There are movie scenes that resonate with you long after the theater lights have risen and some of these memorable moments take place in a bar or restaurant.
The magic of the lighting, the mood and that spot where the hero delivered that momentous line or speech is enough to make any fan want to visit some of these iconic locations with the reward of a meal or sweet indulgence serving as icing on the proverbial cake.
So whether it's a pilgrimage to a beloved filming location or simply a spot for a quick bite or a night on the town, these bars and restaurants live on in the hearts of fans and are still open business.
Kansas City Barbeque
A chance encounter with a “Top Gun” movie location director brought Kansas City Barbeque into the national spotlight in 1986 and its star power hasn’t diminished.
Located in the Downtown Harbor District of San Diego, the self-proclaimed “Top Gun Bar” is one of the city’s iconic locations to visit.
Known as “The Sleazy Bar Scene,” Tom Cruise (Maverick) and Anthony Edwards (Goose), joined by Kelly McGillis and Meg Ryan, sing Jerry Lee Lewis’s “Great Balls of Fire.” It is also the locale of the movie’s last scene where Cruise reunites with McGillis.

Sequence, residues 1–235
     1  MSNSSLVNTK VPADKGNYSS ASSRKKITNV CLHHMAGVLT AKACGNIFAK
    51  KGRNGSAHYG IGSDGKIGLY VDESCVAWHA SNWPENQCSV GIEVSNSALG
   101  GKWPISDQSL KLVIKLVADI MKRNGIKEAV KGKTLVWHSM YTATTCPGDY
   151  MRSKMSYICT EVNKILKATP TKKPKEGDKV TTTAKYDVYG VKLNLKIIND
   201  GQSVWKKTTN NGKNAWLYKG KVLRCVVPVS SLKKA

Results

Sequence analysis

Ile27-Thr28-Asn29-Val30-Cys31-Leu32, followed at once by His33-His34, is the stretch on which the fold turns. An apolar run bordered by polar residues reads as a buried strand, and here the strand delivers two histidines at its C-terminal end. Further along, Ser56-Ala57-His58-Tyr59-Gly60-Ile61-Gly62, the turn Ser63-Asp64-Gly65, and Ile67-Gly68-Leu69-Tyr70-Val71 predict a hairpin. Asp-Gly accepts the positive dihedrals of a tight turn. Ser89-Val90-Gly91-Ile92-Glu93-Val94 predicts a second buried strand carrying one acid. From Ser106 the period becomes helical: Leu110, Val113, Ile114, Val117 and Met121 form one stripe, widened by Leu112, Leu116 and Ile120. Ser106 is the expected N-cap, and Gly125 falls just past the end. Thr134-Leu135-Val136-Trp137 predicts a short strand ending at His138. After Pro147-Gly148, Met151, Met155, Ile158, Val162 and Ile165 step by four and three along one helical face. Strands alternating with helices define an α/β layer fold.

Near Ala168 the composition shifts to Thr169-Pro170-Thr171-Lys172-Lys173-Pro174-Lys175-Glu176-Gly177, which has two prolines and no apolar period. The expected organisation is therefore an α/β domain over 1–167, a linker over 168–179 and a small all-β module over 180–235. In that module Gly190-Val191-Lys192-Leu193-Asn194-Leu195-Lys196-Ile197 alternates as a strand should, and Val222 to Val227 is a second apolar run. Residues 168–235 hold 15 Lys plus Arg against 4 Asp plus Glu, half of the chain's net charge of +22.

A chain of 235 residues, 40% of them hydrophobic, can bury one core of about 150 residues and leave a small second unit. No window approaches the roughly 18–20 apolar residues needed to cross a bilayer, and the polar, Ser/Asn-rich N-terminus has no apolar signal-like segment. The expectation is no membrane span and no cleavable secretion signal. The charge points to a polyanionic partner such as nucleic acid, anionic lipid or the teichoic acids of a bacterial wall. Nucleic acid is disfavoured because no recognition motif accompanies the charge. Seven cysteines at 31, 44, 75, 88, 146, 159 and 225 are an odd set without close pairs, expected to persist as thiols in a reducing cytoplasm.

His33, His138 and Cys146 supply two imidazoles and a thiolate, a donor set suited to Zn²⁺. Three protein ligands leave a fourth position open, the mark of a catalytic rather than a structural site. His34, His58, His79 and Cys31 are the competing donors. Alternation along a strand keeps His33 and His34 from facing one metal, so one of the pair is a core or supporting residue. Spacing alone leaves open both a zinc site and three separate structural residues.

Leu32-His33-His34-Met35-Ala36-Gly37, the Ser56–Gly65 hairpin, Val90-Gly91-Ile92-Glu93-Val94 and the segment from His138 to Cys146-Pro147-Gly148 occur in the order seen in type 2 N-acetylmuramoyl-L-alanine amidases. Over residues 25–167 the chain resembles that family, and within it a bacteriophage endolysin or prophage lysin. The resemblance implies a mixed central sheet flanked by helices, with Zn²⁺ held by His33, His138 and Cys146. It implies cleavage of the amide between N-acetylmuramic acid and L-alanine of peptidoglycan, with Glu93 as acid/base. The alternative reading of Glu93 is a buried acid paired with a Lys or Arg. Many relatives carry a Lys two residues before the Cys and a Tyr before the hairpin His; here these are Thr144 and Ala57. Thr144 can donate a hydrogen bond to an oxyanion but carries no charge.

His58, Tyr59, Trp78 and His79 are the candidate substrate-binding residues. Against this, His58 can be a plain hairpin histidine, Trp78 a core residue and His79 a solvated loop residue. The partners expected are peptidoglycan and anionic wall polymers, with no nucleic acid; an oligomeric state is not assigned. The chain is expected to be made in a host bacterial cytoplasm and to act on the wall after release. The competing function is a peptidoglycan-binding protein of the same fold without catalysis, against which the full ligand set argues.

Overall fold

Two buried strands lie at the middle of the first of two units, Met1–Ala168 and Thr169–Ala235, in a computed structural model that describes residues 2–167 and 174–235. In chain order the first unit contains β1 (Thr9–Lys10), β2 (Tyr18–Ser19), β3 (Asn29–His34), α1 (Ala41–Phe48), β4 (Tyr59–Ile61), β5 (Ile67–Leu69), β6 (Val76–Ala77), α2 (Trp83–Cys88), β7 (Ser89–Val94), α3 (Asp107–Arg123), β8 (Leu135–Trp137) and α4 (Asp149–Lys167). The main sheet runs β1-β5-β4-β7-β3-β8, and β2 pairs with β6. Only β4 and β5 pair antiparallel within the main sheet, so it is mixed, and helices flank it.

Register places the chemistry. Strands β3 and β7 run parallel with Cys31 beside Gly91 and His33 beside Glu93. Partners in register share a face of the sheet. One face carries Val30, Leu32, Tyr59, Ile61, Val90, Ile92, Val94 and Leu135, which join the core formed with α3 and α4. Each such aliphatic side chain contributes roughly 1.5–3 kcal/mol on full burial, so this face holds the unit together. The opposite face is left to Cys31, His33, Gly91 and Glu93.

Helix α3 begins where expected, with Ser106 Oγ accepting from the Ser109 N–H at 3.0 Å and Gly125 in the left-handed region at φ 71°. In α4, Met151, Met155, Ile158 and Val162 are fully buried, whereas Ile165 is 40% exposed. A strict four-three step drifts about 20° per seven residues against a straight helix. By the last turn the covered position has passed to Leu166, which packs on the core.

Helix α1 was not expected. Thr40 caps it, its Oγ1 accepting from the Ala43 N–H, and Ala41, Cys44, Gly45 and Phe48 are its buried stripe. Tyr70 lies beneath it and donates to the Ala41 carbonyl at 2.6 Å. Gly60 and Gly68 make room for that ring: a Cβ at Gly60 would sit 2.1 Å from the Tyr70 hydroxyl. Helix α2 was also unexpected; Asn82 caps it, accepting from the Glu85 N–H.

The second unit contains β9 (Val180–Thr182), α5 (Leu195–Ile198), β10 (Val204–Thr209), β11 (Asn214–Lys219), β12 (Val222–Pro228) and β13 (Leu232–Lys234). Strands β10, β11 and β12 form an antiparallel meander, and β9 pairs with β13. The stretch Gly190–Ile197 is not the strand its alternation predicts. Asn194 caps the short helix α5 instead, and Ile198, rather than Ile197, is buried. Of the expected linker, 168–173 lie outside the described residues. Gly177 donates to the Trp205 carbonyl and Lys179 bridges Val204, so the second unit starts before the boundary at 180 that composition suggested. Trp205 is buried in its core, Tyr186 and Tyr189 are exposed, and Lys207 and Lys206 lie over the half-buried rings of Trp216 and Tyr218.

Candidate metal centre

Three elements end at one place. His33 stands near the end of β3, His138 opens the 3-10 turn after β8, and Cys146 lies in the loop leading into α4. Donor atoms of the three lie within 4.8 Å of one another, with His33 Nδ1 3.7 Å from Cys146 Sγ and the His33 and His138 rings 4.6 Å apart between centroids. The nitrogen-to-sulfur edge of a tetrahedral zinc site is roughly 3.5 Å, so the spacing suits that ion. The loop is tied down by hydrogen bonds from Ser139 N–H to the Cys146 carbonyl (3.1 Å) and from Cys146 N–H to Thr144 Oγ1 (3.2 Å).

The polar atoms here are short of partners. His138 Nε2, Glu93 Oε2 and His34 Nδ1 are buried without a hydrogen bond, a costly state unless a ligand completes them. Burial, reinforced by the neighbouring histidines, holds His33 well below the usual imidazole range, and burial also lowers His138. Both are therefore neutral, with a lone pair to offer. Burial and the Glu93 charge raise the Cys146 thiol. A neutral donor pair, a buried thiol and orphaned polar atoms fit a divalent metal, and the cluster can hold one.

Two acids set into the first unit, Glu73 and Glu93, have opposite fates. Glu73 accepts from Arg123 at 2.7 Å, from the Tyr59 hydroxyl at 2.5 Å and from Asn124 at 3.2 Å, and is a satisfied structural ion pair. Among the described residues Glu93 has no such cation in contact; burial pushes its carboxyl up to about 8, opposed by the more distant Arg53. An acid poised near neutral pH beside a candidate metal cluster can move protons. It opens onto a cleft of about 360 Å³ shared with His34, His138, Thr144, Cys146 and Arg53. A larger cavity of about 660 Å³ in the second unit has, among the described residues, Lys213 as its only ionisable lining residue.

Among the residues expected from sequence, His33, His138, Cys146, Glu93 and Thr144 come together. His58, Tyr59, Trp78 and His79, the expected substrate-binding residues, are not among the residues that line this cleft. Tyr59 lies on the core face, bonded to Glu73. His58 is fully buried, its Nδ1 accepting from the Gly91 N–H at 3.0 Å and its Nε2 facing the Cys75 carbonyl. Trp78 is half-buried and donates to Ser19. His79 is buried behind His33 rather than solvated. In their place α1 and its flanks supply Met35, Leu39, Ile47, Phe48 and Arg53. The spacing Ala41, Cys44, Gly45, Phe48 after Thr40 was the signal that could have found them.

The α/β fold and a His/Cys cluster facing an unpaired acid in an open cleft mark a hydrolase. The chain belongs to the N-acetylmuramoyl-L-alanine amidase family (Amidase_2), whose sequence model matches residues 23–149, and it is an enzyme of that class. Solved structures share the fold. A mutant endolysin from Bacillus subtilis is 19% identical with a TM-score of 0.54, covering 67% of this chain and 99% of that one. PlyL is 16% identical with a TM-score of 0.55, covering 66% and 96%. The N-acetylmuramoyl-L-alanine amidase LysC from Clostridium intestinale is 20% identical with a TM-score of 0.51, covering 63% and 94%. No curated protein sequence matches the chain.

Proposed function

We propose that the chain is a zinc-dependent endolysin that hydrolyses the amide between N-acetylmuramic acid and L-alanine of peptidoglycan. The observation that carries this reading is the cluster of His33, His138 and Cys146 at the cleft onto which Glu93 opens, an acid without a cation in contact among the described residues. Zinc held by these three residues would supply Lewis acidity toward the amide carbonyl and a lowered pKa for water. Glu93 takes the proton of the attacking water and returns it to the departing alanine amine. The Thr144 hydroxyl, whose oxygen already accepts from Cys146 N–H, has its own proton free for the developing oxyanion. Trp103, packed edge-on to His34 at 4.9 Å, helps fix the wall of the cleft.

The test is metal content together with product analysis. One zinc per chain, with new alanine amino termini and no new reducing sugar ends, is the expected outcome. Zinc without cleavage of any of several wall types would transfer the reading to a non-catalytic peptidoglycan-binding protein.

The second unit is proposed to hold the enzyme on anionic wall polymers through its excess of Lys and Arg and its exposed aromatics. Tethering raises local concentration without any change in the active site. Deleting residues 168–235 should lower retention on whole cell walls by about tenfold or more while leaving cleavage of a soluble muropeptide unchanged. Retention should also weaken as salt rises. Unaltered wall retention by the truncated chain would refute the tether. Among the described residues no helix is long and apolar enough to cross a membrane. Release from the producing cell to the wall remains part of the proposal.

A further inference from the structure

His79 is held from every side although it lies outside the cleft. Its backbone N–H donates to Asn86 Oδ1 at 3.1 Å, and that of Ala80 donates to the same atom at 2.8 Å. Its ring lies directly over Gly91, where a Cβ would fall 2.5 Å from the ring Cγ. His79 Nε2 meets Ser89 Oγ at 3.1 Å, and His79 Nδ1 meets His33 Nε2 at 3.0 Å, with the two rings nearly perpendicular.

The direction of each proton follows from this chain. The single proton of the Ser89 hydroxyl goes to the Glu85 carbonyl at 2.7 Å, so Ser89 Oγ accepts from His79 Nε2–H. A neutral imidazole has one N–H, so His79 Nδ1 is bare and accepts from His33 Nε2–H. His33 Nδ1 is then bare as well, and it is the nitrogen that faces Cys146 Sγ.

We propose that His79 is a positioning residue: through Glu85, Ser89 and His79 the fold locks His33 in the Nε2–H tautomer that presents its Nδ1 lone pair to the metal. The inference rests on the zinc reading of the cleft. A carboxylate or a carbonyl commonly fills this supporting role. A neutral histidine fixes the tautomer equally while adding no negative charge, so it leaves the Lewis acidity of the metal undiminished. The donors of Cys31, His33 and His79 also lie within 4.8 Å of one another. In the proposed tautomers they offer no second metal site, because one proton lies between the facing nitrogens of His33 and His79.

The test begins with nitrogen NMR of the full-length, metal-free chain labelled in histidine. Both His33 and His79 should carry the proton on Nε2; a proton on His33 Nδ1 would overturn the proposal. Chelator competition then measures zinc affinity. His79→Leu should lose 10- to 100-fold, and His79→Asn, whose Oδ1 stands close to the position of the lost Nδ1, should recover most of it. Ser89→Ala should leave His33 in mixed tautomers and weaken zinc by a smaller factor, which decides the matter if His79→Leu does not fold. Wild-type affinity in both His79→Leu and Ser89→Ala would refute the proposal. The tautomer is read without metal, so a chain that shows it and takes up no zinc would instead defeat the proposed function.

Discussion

KCBBQ promises not just a bar, but a shrine, so come out for some good barbecue and all things “Top Gun.” 600 W. Harbor Drive, San Diego
Three years after her role in “Top Gun,” Meg Ryan starred in “When Harry Met Sally” (1989), and one scene turned a local favorite in a nationally recognized cinema set.
The semi-scandalous scene in Katz’s Delicatessen includes dialogue between Ryan and Billy Crystal that inspired the woman at the next table—played by director Rob Reiner’s mother—to utter the now-famous line, “I’ll have what she’s having!”
Located on East Houston Street—it's a Lower East Side Institution—Katz’s started as Iceland Brothers in 1888, became Iceland and Katz in 1903 and has been Katz’s Delicatessen since 1910. The signature dish? The pastrami on rye that Crystal was trying to order in the scandalous scene. 205 East Houston St., New York
Bridges Restaurant & Bar
Guzzling scotch, performing numerous wardrobe changes—some from men's to women's wear—and performing the Heimlich maneuver are just part of Daniel Hillard’s—Robin Williams—night during a restaurant dining scene of “Mrs. Doubtfire” (1993).